So go spend time with your relative who suffers from dementia! You will make them happy, even if they can’t remember why.
As Ms Guzmán-Vélez says about her own study:
…it gives me that extra reward I guess to know that every thing that I do is impacting them. And it does make me try to be a better person with them or try to give them good experiences ’cause I know that will make them happy and that happiness will last for a long time.
I’ll second that from my own experience with Mom. The joy I felt knowing I’d brightened her day and made her happier went a very long way to erasing the pain I felt watching her illness inexorably diminish her.
Denver was great. The Starz Denver Film Festival was great! They took great care of us filmmakers and screened some amazing films. I got to see a bunch. They were all good, but Wild Canaries and Tomorrow We Disappear really stood out! Do keep an eye for them, see them if you can!
I got some more great news while I was at the festival. “i live In Life” has been accepted at the Atlanta International Documentary Film Festival!
Thanks for everything Denver! I hope to be back soon!
After over thirty rejections, i live In Life has been accepted to its first big festival! It will screen in the Starz Denver Film Festival as part of the First Look Student Film Program. The Festival runs from Nov. 12 to 23d, and as I get more details of the festival schedule, I’ll post it. Check the Screenings page for updates!
Let’s hope this signals the turning of the tide! I’m still waiting to hear from several more festivals!
Ah, woe betide…. CPH:DOX, a festival I was really hoping to be in, declined i live In Life.
That’s a bummer, make no mistake. But I’ve submitted to another half-dozen fests, and i’m still submitting. Thessaloniki is next!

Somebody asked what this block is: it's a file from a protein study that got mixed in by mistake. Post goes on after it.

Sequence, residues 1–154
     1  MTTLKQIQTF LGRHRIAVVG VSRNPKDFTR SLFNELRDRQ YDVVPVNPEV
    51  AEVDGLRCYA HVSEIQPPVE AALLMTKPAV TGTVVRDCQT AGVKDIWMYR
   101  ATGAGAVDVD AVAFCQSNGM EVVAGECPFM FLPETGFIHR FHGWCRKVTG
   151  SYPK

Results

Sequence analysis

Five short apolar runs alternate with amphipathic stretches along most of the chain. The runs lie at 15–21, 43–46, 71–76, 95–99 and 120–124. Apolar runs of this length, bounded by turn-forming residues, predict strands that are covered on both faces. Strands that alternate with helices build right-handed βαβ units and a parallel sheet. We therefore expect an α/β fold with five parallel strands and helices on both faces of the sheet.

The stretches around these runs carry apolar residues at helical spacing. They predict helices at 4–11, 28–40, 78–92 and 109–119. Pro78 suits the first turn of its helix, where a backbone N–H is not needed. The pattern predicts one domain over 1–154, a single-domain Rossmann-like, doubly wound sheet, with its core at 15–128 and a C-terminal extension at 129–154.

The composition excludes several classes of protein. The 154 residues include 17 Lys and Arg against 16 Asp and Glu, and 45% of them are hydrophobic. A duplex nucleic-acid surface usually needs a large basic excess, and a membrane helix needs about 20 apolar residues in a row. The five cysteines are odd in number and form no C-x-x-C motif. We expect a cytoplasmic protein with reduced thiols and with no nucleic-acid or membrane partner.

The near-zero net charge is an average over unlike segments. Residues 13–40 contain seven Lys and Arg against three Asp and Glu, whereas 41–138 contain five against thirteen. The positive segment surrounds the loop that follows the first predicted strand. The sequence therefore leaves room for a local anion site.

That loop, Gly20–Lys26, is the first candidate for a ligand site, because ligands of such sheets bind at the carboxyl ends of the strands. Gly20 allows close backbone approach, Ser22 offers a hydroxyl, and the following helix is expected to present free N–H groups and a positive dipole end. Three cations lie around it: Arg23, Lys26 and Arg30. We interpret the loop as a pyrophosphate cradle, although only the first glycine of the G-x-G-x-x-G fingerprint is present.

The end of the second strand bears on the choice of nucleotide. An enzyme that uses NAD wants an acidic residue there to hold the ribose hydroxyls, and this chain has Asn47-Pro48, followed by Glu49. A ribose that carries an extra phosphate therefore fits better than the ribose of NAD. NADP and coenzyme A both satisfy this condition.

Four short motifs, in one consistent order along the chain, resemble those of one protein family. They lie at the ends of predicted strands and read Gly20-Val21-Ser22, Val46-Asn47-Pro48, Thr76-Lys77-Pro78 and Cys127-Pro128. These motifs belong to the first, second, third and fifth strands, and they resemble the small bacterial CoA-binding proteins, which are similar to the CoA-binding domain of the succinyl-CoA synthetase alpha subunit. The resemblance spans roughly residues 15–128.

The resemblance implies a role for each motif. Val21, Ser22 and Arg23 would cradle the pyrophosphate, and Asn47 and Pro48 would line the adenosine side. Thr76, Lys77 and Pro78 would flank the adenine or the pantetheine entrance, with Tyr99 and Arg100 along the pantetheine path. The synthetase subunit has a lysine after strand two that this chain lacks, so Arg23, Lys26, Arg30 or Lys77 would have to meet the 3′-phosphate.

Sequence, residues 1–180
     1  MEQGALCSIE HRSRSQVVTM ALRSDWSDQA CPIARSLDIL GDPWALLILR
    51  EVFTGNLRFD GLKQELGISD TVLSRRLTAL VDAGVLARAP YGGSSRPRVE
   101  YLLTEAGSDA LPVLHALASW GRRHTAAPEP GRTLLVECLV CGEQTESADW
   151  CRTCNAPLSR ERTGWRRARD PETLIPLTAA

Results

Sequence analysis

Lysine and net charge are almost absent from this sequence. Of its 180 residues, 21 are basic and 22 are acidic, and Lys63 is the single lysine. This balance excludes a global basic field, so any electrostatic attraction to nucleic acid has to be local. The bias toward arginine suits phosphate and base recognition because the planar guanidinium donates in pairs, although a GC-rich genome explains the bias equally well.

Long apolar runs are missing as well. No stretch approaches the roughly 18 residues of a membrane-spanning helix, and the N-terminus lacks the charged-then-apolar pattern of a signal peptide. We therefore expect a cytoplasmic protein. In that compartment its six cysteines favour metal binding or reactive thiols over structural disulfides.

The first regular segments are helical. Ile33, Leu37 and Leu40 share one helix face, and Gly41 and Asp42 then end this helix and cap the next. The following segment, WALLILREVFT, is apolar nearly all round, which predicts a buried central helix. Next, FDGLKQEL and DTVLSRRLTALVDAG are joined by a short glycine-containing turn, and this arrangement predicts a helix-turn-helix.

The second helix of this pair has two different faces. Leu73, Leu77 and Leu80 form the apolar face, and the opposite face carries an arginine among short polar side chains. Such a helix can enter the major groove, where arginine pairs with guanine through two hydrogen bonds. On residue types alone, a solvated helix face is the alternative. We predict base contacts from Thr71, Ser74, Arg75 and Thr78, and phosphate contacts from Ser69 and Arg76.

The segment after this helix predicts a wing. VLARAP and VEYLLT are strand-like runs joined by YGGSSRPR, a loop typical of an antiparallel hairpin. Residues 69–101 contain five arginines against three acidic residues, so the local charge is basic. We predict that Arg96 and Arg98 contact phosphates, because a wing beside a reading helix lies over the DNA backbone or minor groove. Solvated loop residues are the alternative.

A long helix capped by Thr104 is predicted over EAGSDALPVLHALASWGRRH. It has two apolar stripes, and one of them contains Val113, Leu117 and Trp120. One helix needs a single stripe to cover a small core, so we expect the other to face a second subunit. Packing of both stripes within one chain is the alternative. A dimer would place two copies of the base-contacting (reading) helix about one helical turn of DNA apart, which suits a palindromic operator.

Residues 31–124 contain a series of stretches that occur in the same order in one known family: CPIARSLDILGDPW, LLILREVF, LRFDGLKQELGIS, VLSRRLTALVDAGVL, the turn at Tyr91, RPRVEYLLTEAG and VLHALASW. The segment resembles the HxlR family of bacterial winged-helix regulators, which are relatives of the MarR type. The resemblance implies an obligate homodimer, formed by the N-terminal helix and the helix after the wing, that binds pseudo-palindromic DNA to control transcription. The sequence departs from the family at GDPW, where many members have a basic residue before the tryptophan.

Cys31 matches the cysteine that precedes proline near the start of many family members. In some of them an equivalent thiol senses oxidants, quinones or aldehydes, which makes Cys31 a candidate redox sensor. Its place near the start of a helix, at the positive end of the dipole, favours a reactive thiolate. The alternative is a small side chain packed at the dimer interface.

Writing about Alzheimer’s isn’t often fun. Even good news, which is pleasant to bring to you, isn’t necessarily fun.
Today, however, I got lucky. I found out about an article in the BMJ Open online journal published in January by a group of Australian scientists. I got to read about “The SMILE Study”, which included “LaughterBosses” and “ElderClowns”. I kid you not.
The SMILE study (aka The Sydney Multisite Intervention of LaughterBosses and ElderClowns) was, by one measure, a failure. They wanted to find out if humor could alleviate depression in dementia patients. This they did not find.
More on that later, because what they did find is just as good. Humor does reduce patients’ agitation and anxiety. They found that their humor intervention could reduce the occurence of “two agitated behaviours” from daily to once a week.
From daily to once a week. Those readers among you who’ve spent time with a loved one with Alzheimer’s can tell you what a big deal this is. It’s big! For one thing, the results are just as good as what is achieved with Risperidone, a common anti-psychotic, but without the side effects! My Mom was taking that when she was at home – though thankfully at hasn’t been necessary since she moved to her care center. For another, let’s face it, it doesn’t just reduce agitation and anxiety, it makes people laugh and smile. Can Risperidone do that?
This is good news for everyone, but especially for people who are caring for someone with dementia. Make them laugh! Can it get more win-win than that?